Dr. Roy is going a step further with this project. To understand the complexities of the New Haven community systems, she is working with a group of community leaders and stakeholders, including representatives from education, community-based organizations, and law enforcement, who have been meeting monthly since the Fall of 2019 to think about the many different factors in the community that influence the number of people affected by gun violence. Some of the major factors the group thought impacted the number of people affected by gun violence were access to guns, education and income, the presence of gangs and peer pressure influences to join gangs, feelings of safety among those who live in New Haven neighborhoods, drug and alcohol use, mental health access, incarceration rates and resources provided for people released from prison, neighborhood cohesion, and community-police relations. Once the stakeholder group had this list of the many different things influencing gun violence, they drew a ‘causal loop diagram,’ or concept map, that shows how they believe one thing feeds another, and then feeds back on different factors. The group thought each of the listed factors was connected directly or indirectly to all the other factors.
The stakeholder engagement process is a critical part of the work. It makes the causal loop diagram more unique to the local community context and closer to reality than if a researcher designed it on their own. No single person can understand the complexity of the various community factors influencing gun violence or other intractable public health issues. Each stakeholder brings their own unique lens, and a diverse group is essential. As a result, the causal loop diagram they come up with together is much richer, more accurate, and more complete.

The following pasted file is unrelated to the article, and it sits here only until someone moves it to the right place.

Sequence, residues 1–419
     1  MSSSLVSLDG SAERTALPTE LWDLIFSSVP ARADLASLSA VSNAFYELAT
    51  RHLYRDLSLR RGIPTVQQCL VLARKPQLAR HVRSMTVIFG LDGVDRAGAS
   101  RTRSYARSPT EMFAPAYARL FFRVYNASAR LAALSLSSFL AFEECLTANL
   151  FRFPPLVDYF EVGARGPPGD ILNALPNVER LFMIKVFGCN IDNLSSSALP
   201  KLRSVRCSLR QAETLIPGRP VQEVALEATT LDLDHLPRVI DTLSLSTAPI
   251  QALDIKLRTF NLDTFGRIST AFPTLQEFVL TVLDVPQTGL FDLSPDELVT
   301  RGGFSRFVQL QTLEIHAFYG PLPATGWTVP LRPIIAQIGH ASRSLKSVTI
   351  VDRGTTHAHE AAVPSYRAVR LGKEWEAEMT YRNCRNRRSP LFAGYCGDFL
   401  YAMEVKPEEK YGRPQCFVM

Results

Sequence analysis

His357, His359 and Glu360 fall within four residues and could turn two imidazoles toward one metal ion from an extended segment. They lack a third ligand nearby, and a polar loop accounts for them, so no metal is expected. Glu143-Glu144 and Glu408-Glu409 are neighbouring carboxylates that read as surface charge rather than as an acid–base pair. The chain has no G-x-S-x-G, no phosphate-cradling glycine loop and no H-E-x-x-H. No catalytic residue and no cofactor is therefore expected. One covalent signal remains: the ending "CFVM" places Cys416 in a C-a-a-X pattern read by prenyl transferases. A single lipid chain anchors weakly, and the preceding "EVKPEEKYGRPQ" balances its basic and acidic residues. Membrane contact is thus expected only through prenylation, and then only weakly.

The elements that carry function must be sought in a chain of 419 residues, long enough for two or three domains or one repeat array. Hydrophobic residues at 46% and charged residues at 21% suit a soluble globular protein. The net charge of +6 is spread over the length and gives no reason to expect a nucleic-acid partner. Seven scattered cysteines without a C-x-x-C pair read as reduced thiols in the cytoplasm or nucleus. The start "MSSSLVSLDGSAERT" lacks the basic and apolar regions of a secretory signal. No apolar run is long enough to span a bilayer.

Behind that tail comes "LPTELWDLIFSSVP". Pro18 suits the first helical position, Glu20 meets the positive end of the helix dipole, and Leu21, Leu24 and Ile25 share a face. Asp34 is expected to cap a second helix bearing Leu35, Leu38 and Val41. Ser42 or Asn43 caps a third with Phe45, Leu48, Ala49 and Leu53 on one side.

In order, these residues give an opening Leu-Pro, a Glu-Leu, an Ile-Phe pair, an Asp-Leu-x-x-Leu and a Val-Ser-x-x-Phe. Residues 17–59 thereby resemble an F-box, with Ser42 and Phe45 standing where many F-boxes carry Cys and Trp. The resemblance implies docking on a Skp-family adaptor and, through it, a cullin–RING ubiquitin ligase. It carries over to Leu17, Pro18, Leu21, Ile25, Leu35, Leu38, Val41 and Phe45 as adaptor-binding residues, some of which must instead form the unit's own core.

Now, Dr. Roy is using that “causal loop diagram” to build a system dynamics model, a mathematical computer simulation, where they can simulate different scenarios over time. Once the model is built, the next step is to fit it to available data. Rates of gun violence over the past 10 years (homicides and assaults in particular) were gathered from the New Haven Police Department. For the many other variables in the model, Dr. Roy will use data from various sources: the DataHaven Community Wellbeing Survey (DCWS), which every 3 years measures neighborhood cohesion and rates of drug and alcohol use; the YNHH System data for rates of gunshot injuries; the City of New Haven for high school graduation rates; and Bureau of Labor Statistics data on income. Unfortunately, there are no available data on certain factors like peer pressure. For those variables, Dr. Roy creates a 0-100 scale and asked her community partners to gauge “What level of peer pressure do you think currently exists?” Sensitivity analyses are performed to test the accuracy of these estimates and the effects of using different initial values on these arbitrary scales.